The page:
from "Born that way" theory
Dr. Juan answered the question "Whatever happened to the gay gene?" in the June 2, 2006 issue of The Register, (Australia). According to Juan, Dean Hamer's 1993 work on DNA markers "suggested the possibility of genetics being involved in sexual preference of males," but not in females.
He also quoted from Dr. Brian Mustanski's 2005 study in Human Genetics that found that 60% of gay men had an identical clustering of "genetic patterns" on three of the body's 23 chromosomes. Juan observes: "This is somewhat greater than chance would predict, thus the existence of a 'gay gene' or genes seems more likely."
NARTH Scientific Advisory Committee members Johanna Tabin, Ph.D., and Joseph Berger, M.D., have reviewed Mustanski's 2005 study and found significant flaws in it.
Dr. Johanna Tabin has observed of Mustanki's study:
That 60% of their genes overlap is no surprise. We overlap as a species with chimpanzees and gorillas to much greater extents. The point is that with such complexity as the overlap in non-sexual genes, we are down to understanding the importance of psychological factors in the development of individual personality.
As a society that respects the civil rights of our citizens, we can agree with Stonewall that the civil rights of people who may be homosexual should be protected. On the other hand, the people who are homosexual should act like ordinary citizens. It is not good manners, to say the least, to let one's preoccupation with one's sexuality dominate most of one's public behavior. The peculiar glamorization of homosexuality in our current culture is a growing problem, especially for our young.
Recognition that homosexuality is neither a conscious choice nor the outcome of genetic fate might lead to greater rationality about the subject among both the majority of persons and the small minority who are homosexual.
Dr. Joseph Berger has noted:
First, the sample size [in Mustanki's study] is VERY small. It is far too small to draw any such conclusions about human behavior.
Second, the supposed difference from random behavior is far too small in biological terms -- even if it were "significant" statistically, to warrant any conclusions about inheritance of a human behavior.
Third, the whole matter of genetics regarding human behavior is extremely debatable, and I don't believe that any human behavior has been scientifically legitimately demonstrated to be genetic in origin. I think familial passage is usually a far more rational explanation.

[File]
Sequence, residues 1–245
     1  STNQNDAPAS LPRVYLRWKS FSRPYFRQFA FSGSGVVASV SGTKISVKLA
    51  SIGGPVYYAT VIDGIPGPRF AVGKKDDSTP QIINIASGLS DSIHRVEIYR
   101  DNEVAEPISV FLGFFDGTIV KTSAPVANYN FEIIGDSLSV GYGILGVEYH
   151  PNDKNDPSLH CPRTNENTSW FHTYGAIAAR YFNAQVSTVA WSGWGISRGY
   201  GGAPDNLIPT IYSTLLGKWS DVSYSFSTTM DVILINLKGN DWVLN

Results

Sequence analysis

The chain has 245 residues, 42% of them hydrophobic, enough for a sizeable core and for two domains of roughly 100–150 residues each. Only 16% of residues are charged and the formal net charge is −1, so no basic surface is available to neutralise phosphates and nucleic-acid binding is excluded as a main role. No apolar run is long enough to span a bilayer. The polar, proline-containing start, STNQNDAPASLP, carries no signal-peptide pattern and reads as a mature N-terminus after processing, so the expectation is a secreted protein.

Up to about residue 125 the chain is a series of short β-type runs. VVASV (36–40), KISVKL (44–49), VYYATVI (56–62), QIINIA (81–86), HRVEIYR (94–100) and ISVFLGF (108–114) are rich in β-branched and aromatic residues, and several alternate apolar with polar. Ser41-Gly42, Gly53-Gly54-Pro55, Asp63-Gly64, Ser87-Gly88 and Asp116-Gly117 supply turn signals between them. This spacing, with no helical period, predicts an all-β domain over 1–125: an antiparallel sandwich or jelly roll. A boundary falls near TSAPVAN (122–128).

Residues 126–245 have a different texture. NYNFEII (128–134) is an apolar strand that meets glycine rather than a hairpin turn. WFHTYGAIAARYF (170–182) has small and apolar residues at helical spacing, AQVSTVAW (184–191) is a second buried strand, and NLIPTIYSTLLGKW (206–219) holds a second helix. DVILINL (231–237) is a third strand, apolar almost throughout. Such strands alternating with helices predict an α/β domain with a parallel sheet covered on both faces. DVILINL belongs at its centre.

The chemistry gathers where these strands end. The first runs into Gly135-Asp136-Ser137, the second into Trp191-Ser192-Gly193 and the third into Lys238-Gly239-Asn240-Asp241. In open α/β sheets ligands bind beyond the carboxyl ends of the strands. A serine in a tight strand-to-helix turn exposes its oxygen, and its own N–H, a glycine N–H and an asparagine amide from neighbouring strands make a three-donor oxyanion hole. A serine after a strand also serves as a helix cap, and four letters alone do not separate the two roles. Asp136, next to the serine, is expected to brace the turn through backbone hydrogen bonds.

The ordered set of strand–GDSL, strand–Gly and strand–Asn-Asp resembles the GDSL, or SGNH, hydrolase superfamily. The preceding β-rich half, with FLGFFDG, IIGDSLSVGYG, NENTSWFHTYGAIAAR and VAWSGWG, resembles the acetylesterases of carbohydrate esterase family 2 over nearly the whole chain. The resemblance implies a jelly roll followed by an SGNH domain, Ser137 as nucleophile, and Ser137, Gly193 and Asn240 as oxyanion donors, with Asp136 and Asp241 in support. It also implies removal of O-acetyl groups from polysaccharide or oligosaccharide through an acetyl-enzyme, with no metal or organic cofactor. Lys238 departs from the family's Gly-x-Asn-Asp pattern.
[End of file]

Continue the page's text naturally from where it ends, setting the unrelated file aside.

Fourth, the method of "linkage" that is championed by the geneticists is questionable regarding applying it to human behavior. Essentially, linkage is based upon the notion that if you have a known inherited characteristic such as eye color or blood group, and a trait you are examining, then if you can find areas on a chromosome that seem to be identical in enough people from a sample, you have demonstrated that the trait is also inherited genetically. I think there is too much in the way of assumptions in that in terms of applying it to behavior -- as opposed to restricting it to physical traits.
Fifth, following the above, nobody has convincingly demonstrated that there is any location on any human chromosome and/or any combination of amino acids that is "responsible" for so-called sexual orientation.
Sixth, one of the great fallacies of this whole misapplication of genetics to human behavior can be demonstrated by looking at religion. In Saudi Arabia, is Islam transmitted genetically? After all, there is a 100% concordance rate, isn't there? Even for unrelated people, let alone sibs, twins, etc, etc. In certain South American countries is Catholicism inherited genetically, where there is a 100% concordance rate? Why not?
Well everyone "knows" the answer "why not," don't they? Because we know that religion is a matter of personal choice, a behavior, not an in-born trait, and most often passed from parents to children, but familially, not genetically.
For those of us who are psychiatrists and who are not easily taken in by propaganda, the claims for genetic transmission of depression do NOT impress us, the claims for genetic transmission of alcoholism do NOT impress us. With regard to alcoholism there is one legitimate finding, and that is that certain people of Asiatic background lack an enzyme that helps breakdown alcohol, with the outcome that they experience a severe burning sensation in their chest after even a modest amount of alcohol. That enzyme deficiency is inherited. But what this means is that, if anything, there is a slight genetic predisposition in a certain special population that protects against alcoholism, because they don't drink so that they can avoid that very unpleasant sensation.
I am sure others can outline even more scientific objections to such claims. I think that the comments of the gay activists focusing on the tolerance' indicates that even they no longer take such claims seriously.
In my opinion, it is irresponsible journalism for media outlets to publicize such dubious claims based upon tiny population samples.